Chicago — Technology-enabled programs could save auto insurers $20 billion in annual claims payouts, or 17% of personal lines auto insurance losses each year, according to a report from Chicago-based Diamond Management & Technology Consultants. Almost eight of 10 U.S. households are open to some kind of risk monitoring/reduction device that would collect information about their driving habits, it says.

Vehicle telematics, which uses sensing, processing and wireless technology, would deliver savings by reducing accidents, lowering legal costs, improving efficiency of claims processing, and decreasing fraud and theft, according to the report, “Cars and Trucks Are Talking: Why Insurers Should Listen.”

From the wealth of information it generates, the technology also could allow insurers to set more accurate insurance premiums and create fresh revenue opportunities from new monitoring and risk prevention services.

“Telematics is the future,” says Paul Blase, co-managing partner of Diamond’s insurance industry practice. “Vehicles are talking, and it’s time for insurance companies to take a bigger part in the conversation.”

Auto insurance companies so far are focusing only on telematics technology to promote safer teen driving, notes Blase. This is evident with car manufacturers’ awareness of the need for safety-driven technology. Within North America, OnStar is available from General Motors, and Sync is available from all Ford, Lincoln and Mercury products. But Blase suggests leveraging telemantics to help all drivers, which would produce bigger benefits for insurers.

For insurers, the biggest emerging opportunity may be found in the growing presence of in-vehicle event data recorders (EDRs). Many cars and trucks already have EDRs, and the federal government has mandated them for all new cars by 2011. The report states that telematics will help insurers improve the accuracy of their risk-based pricing models and potentially allow them to offer more variable, pay-as-you-drive pricing models.

Accuracy was one driver behind Mayfield Village, Ohio-based Progressive Direct Insurance Co.’s odometer-reporting, Web-based pilot program in Iowa and Virginia. Using a device called a TripSensor, which plugs into the ODBII port in newer vehicles, Progressive is collecting driver data in the hopes of creating a win-win for its underwriters and its policyholders. Progressive Direct introduced TripSense to Minnesota drivers in 2004. The program now exists in a number of states, most recently in 2007 in Michigan and Oregon.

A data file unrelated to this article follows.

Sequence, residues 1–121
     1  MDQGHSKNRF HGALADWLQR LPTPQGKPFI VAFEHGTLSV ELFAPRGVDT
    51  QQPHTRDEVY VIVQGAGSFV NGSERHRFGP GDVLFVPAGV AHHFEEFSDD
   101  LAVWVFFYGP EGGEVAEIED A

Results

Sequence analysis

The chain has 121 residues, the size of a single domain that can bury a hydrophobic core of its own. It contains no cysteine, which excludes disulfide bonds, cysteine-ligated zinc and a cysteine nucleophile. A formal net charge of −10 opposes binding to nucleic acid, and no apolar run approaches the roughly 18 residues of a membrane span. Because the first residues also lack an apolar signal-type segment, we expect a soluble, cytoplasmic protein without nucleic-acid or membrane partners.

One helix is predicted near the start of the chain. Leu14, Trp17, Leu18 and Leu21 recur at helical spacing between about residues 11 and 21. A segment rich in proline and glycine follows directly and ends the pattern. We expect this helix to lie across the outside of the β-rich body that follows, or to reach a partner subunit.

Progressive told INN in 2006 that customers have accepted the TripSensor program. The Diamond research—of 1,540 U.S. households—hints that consumers are accepting of this type of technology. Seventy-seven percent were willing to have a risk-monitoring device that would collect real-time information about their speed, location and other driving habits. Respondents did not appear particularly concerned about who would handle that vehicle information: their insurer, a third party or even themselves. When offered a choice between two options, 48% preferred a device that would send information about their driving to their insurer, with up to a 10% discount for good driving, while 26% preferred a device that would reduce the chance of an accident but would offer no discount.

More results from Diamonds research include:

  • Approximately 33% of bodily injury claims from auto accidents include some type of fraud or padding. Telematics data would identify cases that have a high probability of claims deception.
  • Telematics can increase the recovery of stolen vehicles from 62% to 80%.
  • The average auto claim payout is three times higher when a lawyer gets involved—$10,600 vs. $3,200 for claims without a lawyer. By generating more objective accident reports, fewer lawyers would be needed to assess fault.

Diamond warns that taking advantage of telematics will require insurers to evaluate and likely modify their IT systems and storage. For one, they will need to establish ways to extract, transform and load telematics data into their current data environments.
In addition, regulatory requirements will place new demands on data management and quality. Insurance companies will be required to secure the technology and processes that store, transmit and use consumer information.

“It is absolutely essential that insurance companies convince regulators and consumers that they are not mishandling their data in order for telematics to deliver the full promise of safer driving for consumers, and better pricing and new market opportunities for insurers,” says Blase.

Sources: Diamond Management & Technology Consultants and INN archives

Exclusive content available only on

Register or login for access to this item and much more

All Digital Insurance content is archived after seven days.

Community members receive:
  • All recent and archived articles
  • Conference offers and updates
  • A full menu of enewsletter options
  • Web seminars, white papers, ebooks

Don't have an account? Register for Free Unlimited Access